Why Is Planes, Trains & Automobiles Rated R, and Is It Safe for Families This Thanksgiving?

    There seems to be an endless supply of Halloween and Christmas movies, but what about Thanksgiving? That’s where Planes, Trains & Automobiles can enter the picture. Thanks to the wonderful chemistry between its stars Steve Martin and John Candy, with a flawless blend of heart and humor, John Hughes’ 1987 comedy is a quintessential Turkey Day delight for the whole family…

    The Beloved Steve Martin-John Candy Holiday Comedy Gets An Adults-Only MPAA Rating Thanks To One Profanity-Laced Scene

    So, why the hard R rating? Should that deter families with youngsters who might be eager to tune in next month? It was announced that Will Smith and Kevin Hart would star in a remake, but let’s look at why the original source material deserved an adults-only MPAA rating.

    RELATED: Planes, Trains and Automobiles Is Being Celebrated as the Ultimate Thanksgiving Movie of 2020

    Some argue Planes, Trains and Automobiles is the best Thanksgiving movie to date, as it perfectly satirizes the classic American experience of enduring the most traveled day of the year just to get to a few days of R&R with the family. Here are Steve Martin, John Candy and John Hughes all at the top of their game. The story follows an unlikely pair on the road together as they destroy vehicles and property, get robbed, and reluctantly shares accommodations as Neal (Martin) struggles to simply get home in time for that fourth Thursday in November.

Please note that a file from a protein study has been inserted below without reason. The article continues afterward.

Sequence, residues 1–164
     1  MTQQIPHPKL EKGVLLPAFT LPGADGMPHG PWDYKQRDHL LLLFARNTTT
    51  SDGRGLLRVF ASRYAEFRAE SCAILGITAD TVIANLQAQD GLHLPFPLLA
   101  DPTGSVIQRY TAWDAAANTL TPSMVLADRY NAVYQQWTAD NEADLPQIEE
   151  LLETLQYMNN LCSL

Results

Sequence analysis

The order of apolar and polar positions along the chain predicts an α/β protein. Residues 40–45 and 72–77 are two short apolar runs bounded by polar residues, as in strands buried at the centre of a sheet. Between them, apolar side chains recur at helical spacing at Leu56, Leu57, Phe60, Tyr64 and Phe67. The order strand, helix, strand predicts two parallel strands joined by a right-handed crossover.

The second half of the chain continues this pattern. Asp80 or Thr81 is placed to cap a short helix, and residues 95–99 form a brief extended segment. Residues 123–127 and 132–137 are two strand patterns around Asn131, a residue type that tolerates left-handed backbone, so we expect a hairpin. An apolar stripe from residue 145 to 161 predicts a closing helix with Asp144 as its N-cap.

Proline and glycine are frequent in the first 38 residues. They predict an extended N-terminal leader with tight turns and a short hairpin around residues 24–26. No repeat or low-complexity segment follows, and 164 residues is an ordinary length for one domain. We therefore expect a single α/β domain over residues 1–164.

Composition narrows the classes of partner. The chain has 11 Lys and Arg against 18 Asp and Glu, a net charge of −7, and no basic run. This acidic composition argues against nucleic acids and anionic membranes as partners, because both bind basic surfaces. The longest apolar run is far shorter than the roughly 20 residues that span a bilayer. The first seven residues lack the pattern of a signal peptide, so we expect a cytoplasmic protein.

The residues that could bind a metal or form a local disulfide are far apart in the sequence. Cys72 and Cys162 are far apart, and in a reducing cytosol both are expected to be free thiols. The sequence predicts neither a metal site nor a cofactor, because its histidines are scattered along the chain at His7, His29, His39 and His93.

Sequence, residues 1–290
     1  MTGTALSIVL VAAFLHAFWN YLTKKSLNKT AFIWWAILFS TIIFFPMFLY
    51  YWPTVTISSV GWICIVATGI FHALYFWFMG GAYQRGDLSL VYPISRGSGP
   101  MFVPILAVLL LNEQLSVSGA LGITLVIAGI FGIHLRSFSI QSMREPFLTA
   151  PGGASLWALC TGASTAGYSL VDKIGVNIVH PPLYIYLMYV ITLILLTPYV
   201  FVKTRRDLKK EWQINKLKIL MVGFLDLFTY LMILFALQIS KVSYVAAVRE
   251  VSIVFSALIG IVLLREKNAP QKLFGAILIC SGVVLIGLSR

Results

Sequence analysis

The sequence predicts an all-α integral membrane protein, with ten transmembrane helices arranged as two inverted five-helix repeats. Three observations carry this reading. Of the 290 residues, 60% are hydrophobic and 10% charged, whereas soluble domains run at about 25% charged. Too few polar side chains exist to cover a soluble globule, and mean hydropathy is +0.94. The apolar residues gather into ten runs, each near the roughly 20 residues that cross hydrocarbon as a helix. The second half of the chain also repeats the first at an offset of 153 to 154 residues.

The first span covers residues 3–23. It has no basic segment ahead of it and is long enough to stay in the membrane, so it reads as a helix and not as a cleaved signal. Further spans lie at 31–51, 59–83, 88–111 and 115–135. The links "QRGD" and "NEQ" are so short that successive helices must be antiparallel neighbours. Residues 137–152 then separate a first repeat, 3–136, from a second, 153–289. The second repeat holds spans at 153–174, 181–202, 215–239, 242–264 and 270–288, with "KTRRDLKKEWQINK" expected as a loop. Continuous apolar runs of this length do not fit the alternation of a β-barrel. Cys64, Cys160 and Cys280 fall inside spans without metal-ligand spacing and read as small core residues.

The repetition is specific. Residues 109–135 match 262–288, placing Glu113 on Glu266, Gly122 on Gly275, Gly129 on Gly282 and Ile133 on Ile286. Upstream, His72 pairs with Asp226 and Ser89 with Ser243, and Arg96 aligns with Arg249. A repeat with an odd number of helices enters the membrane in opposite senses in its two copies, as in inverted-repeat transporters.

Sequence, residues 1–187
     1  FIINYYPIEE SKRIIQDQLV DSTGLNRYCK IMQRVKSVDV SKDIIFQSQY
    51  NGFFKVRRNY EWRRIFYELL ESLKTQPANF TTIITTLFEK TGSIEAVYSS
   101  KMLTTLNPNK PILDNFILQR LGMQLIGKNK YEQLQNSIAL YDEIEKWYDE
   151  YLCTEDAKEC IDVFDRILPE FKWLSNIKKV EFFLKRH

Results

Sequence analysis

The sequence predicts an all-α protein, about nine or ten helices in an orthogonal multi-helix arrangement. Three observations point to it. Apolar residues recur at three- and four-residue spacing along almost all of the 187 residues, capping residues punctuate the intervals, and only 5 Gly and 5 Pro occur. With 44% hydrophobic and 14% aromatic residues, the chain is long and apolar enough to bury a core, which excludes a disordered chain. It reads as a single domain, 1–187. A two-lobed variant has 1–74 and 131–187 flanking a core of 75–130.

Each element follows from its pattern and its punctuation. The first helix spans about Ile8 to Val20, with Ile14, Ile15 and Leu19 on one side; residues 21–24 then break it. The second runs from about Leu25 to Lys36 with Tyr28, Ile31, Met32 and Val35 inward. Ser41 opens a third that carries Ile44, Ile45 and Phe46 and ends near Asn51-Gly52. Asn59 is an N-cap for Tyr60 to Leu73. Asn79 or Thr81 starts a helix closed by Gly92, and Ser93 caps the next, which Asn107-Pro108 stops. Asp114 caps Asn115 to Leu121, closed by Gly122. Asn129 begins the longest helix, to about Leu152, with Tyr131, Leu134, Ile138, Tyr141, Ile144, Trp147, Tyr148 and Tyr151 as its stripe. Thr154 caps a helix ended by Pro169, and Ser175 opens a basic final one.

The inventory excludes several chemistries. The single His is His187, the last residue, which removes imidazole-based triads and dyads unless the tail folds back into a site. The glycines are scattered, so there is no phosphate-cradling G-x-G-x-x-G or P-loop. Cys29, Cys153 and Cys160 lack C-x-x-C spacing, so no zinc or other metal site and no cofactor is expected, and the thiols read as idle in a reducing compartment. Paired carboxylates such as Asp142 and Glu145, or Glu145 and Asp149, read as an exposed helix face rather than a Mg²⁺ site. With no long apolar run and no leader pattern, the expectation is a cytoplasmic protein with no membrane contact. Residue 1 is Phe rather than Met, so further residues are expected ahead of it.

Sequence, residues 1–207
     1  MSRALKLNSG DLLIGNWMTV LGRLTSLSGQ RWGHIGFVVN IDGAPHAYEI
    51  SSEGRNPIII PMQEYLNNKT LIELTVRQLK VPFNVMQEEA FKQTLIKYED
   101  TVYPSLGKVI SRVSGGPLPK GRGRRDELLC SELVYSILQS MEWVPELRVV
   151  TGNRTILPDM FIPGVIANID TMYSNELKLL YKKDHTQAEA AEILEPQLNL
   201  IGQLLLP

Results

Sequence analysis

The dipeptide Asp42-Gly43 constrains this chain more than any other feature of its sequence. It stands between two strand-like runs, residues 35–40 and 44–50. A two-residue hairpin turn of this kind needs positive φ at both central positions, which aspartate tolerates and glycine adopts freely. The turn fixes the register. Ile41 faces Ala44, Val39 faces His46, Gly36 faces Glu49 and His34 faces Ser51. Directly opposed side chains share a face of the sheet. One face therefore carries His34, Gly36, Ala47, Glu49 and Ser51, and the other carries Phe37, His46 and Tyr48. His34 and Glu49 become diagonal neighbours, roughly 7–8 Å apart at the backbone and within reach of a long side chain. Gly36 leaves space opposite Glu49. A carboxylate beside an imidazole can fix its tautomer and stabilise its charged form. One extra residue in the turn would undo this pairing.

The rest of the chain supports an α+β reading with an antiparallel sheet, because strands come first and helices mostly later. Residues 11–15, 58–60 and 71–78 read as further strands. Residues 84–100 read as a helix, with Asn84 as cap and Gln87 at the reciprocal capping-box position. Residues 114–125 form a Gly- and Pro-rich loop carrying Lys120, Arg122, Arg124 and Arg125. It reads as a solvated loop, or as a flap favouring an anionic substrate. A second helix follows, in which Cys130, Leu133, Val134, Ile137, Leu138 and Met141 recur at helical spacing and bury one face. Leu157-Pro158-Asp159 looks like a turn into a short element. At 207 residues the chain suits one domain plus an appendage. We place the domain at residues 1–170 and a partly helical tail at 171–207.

And on the topic of “shared accommodations” – there is a comedic beat in the second act where Neal and Del (Candy) wake up spooning in the same bed. It’s a priceless moment where, in their morning daze, they each think they’re in bed with their respective wives. The punchline is quite the sexual innuendo, but it’s hardly enough to garner a hard R rating.

    Let’s look at another scene, in that case. Neal’s freakout at a rental car desk, which comes later in the film, contains a blizzard of profanities. One four-lettered expletive is used at least 18 times, to be specific. On the receiving end of Martin’s tirade is none other than Edie McClurg – who John Hughes fans might remember as “Grace!” from another classic of his, Ferris Bueller’s Day Off.

    Here’s a snippet from the scene’s transcript:

    Car Rental Agent: How may I help you?

    Neal: You can start by wiping that f***ing dumbass smile off your rosy f***ing cheeks. Then you can get me a f***ing automobile…

    McClurg, effectively adding a colorful personality to her minor character, eventually replies to Martin with an F-bomb of her own. Serves him right – though Neal is very much at the end of his rope here. Dare we cut him some slack for the lash-out?

    Despite this one-minute profanity bomb, Planes, Trains and Automobiles has become a perennial favorite for all ages. This is a rare ’80s movie that probably wouldn’t be rated R today because the studio might insist on changing the one-and-only reason it got marked for adults only. But the late, great Hughes reportedly refused to take the scene out. Other than this rental car rampage, Planes, Trains and Automobiles is perhaps more responsible than most PG films out there.

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